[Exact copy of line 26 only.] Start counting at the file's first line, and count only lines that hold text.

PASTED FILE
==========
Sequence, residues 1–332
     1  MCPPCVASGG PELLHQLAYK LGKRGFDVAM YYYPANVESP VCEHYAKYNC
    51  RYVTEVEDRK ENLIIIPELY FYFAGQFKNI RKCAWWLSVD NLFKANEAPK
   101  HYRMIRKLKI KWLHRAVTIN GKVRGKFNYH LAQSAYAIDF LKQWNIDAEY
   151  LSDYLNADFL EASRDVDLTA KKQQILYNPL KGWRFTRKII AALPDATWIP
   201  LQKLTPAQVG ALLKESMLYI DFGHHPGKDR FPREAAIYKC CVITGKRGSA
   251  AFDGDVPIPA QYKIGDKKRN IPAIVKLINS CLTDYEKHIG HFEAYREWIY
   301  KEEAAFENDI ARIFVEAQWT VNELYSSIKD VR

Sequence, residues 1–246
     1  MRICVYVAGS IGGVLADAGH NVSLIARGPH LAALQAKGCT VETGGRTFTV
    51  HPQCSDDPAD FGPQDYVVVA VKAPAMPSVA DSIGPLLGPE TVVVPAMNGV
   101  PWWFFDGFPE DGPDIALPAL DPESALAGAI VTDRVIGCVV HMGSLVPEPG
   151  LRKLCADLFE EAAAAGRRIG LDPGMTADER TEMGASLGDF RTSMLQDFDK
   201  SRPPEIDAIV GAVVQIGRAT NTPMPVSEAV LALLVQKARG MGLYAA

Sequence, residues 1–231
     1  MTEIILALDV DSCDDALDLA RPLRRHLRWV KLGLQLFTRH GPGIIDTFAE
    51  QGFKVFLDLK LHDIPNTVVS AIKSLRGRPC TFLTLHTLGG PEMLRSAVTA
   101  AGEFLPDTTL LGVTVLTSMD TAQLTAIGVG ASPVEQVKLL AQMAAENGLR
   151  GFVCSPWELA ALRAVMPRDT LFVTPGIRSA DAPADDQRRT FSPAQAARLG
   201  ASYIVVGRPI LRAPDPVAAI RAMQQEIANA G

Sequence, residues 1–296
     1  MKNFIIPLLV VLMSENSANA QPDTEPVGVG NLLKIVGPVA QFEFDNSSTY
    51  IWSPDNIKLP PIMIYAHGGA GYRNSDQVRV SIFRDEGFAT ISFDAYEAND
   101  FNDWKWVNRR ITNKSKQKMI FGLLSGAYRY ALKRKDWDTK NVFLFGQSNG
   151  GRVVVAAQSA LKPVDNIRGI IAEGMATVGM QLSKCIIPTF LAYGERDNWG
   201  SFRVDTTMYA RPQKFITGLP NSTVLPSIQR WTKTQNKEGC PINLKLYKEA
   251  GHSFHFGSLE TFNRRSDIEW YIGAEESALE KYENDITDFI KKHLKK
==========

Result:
   201  SFRVDTTMYA RPQKFITGLP NSTVLPSIQR WTKTQNKEGC PINLKLYKEA